What I Learned at My First, and the Darkest, South by Southwest Music Festival
Thousands of people are on Austin's famed Sixth Street, punks and hipsters and bros, et. al. We're standing in the jarring sunlight of daytime, the afternoon after an alleged drunken driver plowed into a crowd at South by Southwest. People walk gingerly past each other, as people do when they don't want to shoulder-barge other people to the ground in such a packed space, and the sheer buzz of the day before has dropped to a conversational level.
No one is shouting through the crowd. No one is dancing alone for reasons apparent only to them. The presence of authority is noticeably increased, especially at the intersections, which now have police cars parked across them where once there were barriers. It's SXSW on mute, or at least turned way down low, and you can't help but wonder whether anyone will, or should, turn it back up.
Before I moved to the United States from the UK, SXSW was one of the things I'd forever longed to attend. I'd spent days absentmindedly looking at the combined cost of flights and tickets every year, before remembering that I couldn't sell everything I owned and come close to the cost of spending a week in the impossibly fanciful Austin, at one of the biggest festivals in the world. It was a world away, and that world required really expensive badges.
Then, three years ago, I moved to Texas. So by early this year, when I was offered a press credential to cover SXSW, I was even more aware of how much fun could be had. I could go down, stay at a friend's, and be faced with the prospect of a week watching live music in Austin. Not a terrible way to spend an alleged work week.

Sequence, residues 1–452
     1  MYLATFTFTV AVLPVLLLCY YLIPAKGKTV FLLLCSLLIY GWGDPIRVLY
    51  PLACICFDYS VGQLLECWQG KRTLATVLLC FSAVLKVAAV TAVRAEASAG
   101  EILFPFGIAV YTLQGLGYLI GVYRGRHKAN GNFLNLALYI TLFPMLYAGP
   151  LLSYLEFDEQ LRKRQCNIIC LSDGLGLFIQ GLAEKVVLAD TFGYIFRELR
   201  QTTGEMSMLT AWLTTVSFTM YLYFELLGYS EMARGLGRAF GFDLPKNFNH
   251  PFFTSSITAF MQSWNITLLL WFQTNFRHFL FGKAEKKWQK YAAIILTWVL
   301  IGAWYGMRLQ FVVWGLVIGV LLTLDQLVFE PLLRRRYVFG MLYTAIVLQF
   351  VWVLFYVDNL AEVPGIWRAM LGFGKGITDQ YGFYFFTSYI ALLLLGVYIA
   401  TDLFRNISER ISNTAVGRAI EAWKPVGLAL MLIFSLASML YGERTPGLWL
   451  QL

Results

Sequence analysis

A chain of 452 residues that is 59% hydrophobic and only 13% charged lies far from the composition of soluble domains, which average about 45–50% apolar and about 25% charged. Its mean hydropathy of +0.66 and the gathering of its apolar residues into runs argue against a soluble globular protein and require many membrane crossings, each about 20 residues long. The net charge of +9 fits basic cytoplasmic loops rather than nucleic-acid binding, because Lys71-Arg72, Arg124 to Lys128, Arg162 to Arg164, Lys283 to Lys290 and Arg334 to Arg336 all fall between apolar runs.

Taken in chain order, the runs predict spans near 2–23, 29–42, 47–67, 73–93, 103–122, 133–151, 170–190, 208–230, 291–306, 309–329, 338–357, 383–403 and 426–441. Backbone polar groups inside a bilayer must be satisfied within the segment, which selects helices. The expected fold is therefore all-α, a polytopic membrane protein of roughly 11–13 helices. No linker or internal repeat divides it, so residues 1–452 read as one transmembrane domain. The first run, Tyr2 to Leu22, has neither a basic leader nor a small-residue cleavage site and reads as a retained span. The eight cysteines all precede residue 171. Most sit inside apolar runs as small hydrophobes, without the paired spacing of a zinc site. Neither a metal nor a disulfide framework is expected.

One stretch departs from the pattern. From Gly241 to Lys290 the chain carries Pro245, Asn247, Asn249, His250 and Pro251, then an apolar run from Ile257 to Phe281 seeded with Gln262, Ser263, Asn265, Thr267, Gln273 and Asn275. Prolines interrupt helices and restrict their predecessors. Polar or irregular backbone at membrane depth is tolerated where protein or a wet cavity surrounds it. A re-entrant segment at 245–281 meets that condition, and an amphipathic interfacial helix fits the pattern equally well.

Arriving via bus on Tuesday, I sauntered across First Street to pick up my pass. There were no lines in evidence either outside Austin Convention Center or inside for badge pickup. Sitting down after picking up the badge, I realized that I had absolutely no plan whatsoever. The music listings, contained in a book the size and width of a small child, pressed down upon me with a weight even greater than the mighty tome they were contained in.
I left the book on a sofa in the Convention Center. Who needs that kind of pressure? I headed out of the Convention Center and walked north. Upon approaching a club I had never noticed before, I heard a drumbeat. I stepped toward the door and people seemed to approve of my pass. Inside I realized I was at a music venue I didn't know the name of, watching a band I didn't know the name of. Perfect. There was a second band, a more country number, playing on the back patio. The venue buzzed with anticipation of the week ahead, hundreds of people even more excited about what's coming next than what's happening now.
Exiting the venue with a shrug, I'd learned nothing. There was another drumbeat over the road. I went there. A hardcore band was playing what appeared to be some sort of treehouse, designed to accommodate about 40 people, of whom I was the 41st. The venue was alive with movement, with shouting, and most of all with the repeated thwack of bass-drum noise into the skulls of music fans. This time I had arrived.
I spent the rest of the evening playing "follow the drumbeat." It seems that wherever you are in Austin during SXSW, there is either a man shouting into a microphone or a cymbal being hit really hard. I looked at some of the lines to get into some of the fancier venues -- you can judge exactly how popular an artist is by how many blocks are spanned by the line that artist has generated -- and decided that, despite my British heritage, queueing was not for me.
That's the paradox of SXSW. You have more possible choices than you know what to do with, but every choice you make renders another hundred outcomes impossible. It's actually stressful, knowing that staying for the end of this Lee Fields and the Expressions set renders it unlikely you'll catch any of X on the other side of downtown. Stressful in the best possible way, of course, but it seems that the worst possible choice you can make in these circumstances is to stand in a line for five hours. Doing so not only eliminates hundreds upon hundreds of possible outcomes, it means you've eliminated said outcomes while not actually gaining anything of any real reward, unless you'd swap those 500 bands for just 45 minutes with the artist of your choice, an artist you've likely seen before and will surely see again.